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  • Case report
  • Open Access

Lenvatinib complementary with radioiodine therapy for patients with advanced differentiated thyroid carcinoma: case reports and literature review

Contributed equally
World Journal of Surgical Oncology201917:84

https://doi.org/10.1186/s12957-019-1626-4

  • Received: 2 January 2019
  • Accepted: 2 May 2019
  • Published:

Abstract

Background

The prognosis for patients with advanced differentiated thyroid carcinoma (ADTC) with disseminated distant metastases is very poor. Tyrosine kinase inhibitors targeting tumor angiogenesis have been shown to improve progression-free survival in patients with advanced thyroid carcinoma and progressive radioiodine-refractory thyroid carcinoma. Tyrosine kinase inhibitor has been reported as a successful neoadjuvant for total thyroidectomy to reduce tumor burden. However, the special indications for prompt treatment with lenvatinib as a rescue therapy to reduce tumor burden and prolong a durable response to radioiodine therapy have not been explored.

Case presentation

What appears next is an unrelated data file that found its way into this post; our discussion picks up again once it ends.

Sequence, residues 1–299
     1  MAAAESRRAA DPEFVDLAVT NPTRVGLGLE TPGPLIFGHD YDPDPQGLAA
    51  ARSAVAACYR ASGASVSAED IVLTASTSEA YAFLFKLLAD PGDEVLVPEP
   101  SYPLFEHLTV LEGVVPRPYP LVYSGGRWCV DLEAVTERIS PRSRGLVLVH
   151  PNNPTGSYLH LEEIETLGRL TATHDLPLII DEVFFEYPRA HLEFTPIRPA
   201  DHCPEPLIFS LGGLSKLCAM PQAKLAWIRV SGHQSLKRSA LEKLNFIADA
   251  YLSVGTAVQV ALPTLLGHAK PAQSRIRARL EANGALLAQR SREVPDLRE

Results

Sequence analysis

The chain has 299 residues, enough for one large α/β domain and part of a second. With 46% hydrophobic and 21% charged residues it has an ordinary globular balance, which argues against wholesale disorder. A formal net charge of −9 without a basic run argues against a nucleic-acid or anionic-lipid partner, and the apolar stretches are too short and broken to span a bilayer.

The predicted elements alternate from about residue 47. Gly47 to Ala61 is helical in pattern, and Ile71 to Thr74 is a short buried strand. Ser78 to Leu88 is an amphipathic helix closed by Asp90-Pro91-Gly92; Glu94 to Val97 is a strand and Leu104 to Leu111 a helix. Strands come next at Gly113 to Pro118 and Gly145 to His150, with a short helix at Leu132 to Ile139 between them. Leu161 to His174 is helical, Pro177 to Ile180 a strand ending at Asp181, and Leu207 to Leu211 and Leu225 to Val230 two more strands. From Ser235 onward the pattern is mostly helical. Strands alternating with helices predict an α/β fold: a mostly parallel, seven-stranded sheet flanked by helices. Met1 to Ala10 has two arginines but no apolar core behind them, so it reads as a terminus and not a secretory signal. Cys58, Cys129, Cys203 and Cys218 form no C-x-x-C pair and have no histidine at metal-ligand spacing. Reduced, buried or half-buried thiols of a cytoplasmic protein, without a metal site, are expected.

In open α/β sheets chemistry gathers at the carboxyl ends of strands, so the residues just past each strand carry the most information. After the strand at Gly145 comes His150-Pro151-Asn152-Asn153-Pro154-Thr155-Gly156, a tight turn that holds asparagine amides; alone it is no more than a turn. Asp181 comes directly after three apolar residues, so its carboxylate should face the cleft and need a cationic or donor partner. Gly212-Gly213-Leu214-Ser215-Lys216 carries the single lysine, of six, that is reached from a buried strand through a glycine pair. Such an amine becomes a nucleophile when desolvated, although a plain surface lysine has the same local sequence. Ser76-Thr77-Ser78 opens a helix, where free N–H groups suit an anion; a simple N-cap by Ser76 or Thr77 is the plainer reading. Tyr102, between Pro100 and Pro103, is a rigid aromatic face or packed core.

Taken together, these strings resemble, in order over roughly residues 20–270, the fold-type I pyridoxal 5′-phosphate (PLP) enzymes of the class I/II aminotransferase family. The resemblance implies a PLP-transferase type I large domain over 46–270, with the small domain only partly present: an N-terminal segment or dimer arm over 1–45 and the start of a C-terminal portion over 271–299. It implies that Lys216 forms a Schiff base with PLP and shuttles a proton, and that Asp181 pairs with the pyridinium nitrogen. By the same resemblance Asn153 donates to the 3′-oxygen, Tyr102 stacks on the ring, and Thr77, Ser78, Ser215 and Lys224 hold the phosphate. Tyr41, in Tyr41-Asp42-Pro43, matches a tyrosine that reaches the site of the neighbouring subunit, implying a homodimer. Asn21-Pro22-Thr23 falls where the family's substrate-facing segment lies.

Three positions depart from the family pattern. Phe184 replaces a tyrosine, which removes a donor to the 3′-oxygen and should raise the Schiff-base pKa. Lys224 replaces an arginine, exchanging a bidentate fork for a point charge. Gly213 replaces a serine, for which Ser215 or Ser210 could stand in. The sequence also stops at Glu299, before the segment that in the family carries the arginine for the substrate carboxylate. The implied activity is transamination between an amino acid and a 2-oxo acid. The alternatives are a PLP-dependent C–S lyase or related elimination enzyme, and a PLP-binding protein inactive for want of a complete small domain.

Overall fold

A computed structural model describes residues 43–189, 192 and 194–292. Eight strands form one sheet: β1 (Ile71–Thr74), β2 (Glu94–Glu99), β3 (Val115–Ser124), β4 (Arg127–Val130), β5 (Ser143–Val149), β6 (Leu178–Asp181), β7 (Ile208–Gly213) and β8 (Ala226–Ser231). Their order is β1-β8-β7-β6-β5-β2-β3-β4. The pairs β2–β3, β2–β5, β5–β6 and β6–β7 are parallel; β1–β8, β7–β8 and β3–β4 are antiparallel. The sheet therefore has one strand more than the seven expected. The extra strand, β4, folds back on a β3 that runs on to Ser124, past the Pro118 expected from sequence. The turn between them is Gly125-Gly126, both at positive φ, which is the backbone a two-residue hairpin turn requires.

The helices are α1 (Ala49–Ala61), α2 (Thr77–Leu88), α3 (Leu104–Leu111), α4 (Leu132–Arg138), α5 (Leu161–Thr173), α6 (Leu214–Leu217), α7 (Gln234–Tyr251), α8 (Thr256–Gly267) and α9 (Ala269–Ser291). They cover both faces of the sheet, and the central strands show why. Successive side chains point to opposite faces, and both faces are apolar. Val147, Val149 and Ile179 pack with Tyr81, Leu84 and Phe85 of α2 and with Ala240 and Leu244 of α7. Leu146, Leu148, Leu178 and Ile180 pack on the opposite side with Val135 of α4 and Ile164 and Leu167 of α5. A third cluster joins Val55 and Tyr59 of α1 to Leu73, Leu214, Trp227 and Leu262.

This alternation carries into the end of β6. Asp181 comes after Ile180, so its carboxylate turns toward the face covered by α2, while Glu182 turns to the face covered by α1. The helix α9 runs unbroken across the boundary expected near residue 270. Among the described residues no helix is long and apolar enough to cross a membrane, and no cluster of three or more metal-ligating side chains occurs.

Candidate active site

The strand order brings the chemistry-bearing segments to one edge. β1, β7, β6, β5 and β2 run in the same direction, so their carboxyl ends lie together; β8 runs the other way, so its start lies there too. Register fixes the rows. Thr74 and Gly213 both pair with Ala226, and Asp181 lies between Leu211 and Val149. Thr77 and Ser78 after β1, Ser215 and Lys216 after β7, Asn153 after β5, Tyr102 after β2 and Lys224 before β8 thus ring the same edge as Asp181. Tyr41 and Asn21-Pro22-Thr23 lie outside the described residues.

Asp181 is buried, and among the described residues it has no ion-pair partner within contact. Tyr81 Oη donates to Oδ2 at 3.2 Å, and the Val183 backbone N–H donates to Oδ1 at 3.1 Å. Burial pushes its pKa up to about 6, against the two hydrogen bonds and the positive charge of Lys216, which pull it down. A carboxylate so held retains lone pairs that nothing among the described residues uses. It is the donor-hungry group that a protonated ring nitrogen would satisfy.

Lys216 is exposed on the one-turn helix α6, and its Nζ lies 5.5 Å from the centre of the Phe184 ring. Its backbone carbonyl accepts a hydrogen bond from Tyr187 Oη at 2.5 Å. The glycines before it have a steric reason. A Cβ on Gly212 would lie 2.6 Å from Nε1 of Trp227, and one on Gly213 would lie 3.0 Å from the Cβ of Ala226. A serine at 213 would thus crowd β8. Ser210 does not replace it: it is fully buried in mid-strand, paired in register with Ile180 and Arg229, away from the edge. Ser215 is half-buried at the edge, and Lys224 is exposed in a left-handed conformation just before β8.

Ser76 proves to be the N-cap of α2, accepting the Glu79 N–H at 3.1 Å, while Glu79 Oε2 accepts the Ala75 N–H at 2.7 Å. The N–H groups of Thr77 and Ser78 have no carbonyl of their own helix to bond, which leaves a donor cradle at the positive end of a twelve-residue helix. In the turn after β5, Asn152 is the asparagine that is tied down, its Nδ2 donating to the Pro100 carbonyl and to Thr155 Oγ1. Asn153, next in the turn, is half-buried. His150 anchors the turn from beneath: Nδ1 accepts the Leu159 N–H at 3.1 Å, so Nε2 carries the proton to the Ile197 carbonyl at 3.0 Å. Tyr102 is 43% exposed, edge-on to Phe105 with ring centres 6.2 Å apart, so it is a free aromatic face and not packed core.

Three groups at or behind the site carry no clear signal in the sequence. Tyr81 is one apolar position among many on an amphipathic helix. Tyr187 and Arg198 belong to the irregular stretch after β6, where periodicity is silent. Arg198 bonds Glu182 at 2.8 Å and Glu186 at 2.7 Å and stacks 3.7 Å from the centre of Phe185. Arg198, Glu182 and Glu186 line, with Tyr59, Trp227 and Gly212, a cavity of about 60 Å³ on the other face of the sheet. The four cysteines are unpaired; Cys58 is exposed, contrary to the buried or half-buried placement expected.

Here, we present two ADTC cases with distant metastases who were effectively treated by total thyroidectomy combined with lenvatinib to prolong a durable response to radioiodine therapy. Case 1 was a 66-year-old male diagnosed with ADTC and disseminated brain, lung, and bone metastases. Lenvatinib was initiated via compassionate access because of rapidly progressive tumor growth even after second doses of radioiodine therapy and external beam radiation therapy for his brain metastases. The result was a durable response to lenvatinib, slowing progressive tumor growth for 3 years and allowing a third course of radioiodine therapy to treat the bone metastases. Case 2 was a 45-year-old male diagnosed with ADTC and diffuse disseminated lung metastases. Respiratory failure ensued after total thyroidectomy, requiring mandatory support by respirator. Lenvatinib was started as a rescue therapy to reduce tumor burden rapidly. The patient was successfully weaned off the respirator only 1 week after using lenvatinib. The patient was then maintained on a low dose of lenvatinib, allowing three subsequent courses of radioiodine therapy. Currently, his lung metastasis remains well controlled with decreased lung infiltrating nodules and the patient can tolerate exercise well.